Victoria’s historic euthanasia bill passes vote
FORMER Prime Minister Tony Abbott has expressed his "shock" over the news that the state of Victoria is set to become the first Australian state to legalise voluntary euthanasia after a historic vote in parliament.
The law will make it legal for doctors to assist in the death of the terminally ill.
In what is no doubt a controversial decision, the bill passed Victoria's Upper House with 22 votes to 18.
But speaking to 2GB's Ben Fordham this afternoon, Mr Abbott, who was speaking by his father's bedside in a NSW hospital after a "serious stroke" on Monday morning, said "people who are gravely ill should have their pain relieved, not their lives ended".
"I very much regret the fact the same-sex marriage debate has very much distracted us from this bid to legalise a doctor assisted dying.
"People's lives have to be respected and this idea that we should end the lives of people who have failed our test of usefulness or have failed our test of what constitutes a decent quality of life is absoutely dead wrong and I hope that a future Victorian Parliament might reverse this.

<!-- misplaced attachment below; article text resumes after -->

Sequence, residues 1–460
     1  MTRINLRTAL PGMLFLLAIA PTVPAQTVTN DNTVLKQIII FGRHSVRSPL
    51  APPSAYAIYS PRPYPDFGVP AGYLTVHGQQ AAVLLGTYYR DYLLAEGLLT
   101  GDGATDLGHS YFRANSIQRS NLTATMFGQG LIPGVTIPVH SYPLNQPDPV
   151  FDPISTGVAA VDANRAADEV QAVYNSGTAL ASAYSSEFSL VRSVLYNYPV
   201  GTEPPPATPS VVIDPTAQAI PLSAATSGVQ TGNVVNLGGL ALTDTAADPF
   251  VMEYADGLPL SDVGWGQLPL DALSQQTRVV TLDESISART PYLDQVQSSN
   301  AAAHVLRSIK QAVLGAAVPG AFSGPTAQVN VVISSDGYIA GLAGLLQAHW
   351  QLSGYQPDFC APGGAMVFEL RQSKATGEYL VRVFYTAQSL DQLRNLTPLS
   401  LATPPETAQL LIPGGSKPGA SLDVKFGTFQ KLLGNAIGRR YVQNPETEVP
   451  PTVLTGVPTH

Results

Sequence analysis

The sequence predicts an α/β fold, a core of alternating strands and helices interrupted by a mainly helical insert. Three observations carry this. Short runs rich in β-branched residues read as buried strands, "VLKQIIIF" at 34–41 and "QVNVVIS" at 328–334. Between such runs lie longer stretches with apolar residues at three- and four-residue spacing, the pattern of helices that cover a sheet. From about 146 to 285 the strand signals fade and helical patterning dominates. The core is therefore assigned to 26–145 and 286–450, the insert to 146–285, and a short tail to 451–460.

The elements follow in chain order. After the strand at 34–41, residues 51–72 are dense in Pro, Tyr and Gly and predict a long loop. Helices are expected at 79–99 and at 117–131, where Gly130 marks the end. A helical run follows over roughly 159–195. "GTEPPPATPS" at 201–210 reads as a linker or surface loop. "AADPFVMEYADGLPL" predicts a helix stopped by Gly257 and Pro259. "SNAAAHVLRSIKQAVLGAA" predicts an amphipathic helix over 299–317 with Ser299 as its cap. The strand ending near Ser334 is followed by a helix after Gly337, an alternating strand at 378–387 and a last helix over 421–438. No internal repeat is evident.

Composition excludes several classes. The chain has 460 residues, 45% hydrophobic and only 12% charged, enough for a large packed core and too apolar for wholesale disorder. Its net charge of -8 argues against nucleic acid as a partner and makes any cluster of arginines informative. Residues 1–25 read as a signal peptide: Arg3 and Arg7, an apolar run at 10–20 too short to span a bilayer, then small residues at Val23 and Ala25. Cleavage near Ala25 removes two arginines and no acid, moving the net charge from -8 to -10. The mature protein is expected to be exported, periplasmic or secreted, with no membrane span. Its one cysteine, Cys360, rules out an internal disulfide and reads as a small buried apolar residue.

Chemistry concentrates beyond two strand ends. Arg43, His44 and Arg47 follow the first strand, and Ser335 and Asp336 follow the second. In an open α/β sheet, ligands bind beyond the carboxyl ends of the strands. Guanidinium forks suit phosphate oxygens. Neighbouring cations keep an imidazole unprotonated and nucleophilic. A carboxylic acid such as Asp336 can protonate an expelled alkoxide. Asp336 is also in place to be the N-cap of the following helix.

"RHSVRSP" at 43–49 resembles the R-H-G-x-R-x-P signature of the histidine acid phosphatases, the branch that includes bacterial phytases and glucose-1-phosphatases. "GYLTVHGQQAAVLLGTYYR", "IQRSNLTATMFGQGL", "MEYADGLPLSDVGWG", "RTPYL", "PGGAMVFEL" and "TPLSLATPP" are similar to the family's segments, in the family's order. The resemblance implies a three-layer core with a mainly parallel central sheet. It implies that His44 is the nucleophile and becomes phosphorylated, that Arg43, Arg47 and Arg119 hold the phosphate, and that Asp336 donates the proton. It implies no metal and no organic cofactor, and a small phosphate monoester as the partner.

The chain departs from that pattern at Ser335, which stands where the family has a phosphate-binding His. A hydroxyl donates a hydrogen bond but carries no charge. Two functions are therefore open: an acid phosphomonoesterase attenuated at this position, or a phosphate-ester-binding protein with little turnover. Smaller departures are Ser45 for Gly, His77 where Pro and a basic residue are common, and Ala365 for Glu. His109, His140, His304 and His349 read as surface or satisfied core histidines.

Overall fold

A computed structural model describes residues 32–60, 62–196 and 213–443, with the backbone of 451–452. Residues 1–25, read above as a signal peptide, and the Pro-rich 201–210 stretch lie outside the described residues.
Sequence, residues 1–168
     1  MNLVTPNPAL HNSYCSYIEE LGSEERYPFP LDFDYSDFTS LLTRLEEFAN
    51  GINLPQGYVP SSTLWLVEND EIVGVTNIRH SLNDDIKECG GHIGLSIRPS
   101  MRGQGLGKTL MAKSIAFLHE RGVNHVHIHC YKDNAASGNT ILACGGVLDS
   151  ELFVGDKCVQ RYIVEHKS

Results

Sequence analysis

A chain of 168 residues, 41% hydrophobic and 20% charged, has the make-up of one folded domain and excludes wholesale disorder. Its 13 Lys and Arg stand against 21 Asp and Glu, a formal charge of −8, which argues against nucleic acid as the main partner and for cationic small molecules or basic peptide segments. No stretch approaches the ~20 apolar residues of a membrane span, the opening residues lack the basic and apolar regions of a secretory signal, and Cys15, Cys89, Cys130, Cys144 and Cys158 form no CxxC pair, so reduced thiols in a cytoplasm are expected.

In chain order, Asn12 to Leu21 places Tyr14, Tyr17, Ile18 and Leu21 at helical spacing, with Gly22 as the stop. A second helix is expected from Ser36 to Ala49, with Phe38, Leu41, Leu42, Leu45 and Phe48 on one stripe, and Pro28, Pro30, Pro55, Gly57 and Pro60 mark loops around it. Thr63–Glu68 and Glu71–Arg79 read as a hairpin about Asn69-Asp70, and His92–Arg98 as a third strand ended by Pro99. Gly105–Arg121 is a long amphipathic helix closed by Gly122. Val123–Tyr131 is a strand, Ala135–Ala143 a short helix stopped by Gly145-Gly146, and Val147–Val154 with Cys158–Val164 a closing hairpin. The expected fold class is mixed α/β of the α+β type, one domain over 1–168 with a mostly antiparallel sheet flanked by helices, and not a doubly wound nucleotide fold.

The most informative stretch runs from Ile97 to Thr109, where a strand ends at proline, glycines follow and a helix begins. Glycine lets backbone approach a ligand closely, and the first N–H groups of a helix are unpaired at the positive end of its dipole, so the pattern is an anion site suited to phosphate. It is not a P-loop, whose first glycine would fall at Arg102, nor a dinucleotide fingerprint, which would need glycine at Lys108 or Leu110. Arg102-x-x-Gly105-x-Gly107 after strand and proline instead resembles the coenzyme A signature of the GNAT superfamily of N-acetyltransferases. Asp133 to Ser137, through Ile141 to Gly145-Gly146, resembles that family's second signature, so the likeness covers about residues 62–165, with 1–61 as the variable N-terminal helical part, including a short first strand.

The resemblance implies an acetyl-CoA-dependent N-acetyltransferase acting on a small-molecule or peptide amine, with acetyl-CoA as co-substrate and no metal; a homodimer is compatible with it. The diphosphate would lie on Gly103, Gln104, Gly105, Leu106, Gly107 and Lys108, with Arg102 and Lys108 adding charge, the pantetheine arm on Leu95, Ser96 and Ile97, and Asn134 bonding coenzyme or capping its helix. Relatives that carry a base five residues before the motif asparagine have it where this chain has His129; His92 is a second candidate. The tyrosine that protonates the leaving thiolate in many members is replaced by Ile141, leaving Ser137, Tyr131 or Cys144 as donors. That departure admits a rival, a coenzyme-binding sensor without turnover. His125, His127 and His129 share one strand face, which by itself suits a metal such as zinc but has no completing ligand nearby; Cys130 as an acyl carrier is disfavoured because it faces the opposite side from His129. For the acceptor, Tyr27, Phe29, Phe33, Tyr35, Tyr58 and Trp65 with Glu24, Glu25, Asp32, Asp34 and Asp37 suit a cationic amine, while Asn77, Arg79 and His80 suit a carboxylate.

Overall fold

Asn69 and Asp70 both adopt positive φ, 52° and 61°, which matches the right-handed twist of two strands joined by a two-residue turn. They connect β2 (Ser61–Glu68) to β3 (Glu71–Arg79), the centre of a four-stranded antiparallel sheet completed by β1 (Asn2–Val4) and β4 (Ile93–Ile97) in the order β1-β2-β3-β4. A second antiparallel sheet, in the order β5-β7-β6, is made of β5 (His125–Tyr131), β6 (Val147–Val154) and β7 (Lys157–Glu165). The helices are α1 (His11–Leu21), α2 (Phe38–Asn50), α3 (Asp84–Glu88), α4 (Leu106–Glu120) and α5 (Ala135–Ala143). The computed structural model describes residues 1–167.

"Doctors should be healers, they should never be required to be killers."
The Bill, which passed after a marathon 28-hour sitting, will return for a final vote to the Lower House in its amended form. The Bill was debated in its entirety for approximately 100 hours.
MPs were seen weeping in emotional scenes, hugging and consoling colleagues after intense competition from conservative opposition.
The voluntary euthanasia scheme would be open to the terminally ill who are expected to die with six months, or within a year for those with neurodegenerative diseases.